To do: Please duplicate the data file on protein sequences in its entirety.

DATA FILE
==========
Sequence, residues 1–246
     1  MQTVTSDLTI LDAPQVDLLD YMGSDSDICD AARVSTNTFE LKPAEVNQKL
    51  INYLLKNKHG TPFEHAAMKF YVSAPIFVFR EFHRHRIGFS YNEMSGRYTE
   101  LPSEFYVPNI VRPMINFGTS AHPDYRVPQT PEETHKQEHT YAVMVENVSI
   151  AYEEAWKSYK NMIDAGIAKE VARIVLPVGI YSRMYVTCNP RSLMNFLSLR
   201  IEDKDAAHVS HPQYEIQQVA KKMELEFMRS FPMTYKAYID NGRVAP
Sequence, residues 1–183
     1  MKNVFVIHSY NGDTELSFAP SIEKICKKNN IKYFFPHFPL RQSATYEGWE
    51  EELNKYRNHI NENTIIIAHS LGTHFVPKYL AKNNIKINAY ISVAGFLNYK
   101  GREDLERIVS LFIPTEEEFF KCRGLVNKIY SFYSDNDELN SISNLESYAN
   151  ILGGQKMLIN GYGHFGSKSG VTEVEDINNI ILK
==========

Sequence, residues 1–246
     1  MQTVTSDLTI LDAPQVDLLD YMGSDSDICD AARVSTNTFE LKPAEVNQKL
    51  INYLLKNKHG TPFEHAAMKF YVSAPIFVFR EFHRHRIGFS YNEMSGRYTE
   101  LPSEFYVPNI VRPMINFGTS AHPDYRVPQT PEETHKQEHT YAVMVENVSI
   151  AYEEAWKSYK NMIDAGIAKE VARIVLPVGI YSRMYVTCNP RSLMNFLSLR
   201  IEDKDAAHVS HPQYEIQQVA KKMELEFMRS FPMTYKAYID NGRVAP
Sequence, residues 1–183
     1  MKNVFVIHSY NGDTELSFAP SIEKICKKNN IKYFFPHFPL RQSATYEGWE
    51  EELNKYRNHI NENTIIIAHS LGTHFVPKYL AKNNIKINAY ISVAGFLNYK
   101  GREDLERIVS LFIPTEEEFF KCRGLVNKIY SFYSDNDELN SISNLESYAN
   151  ILGGQKMLIN GYGHFGSKSG VTEVEDINNI ILK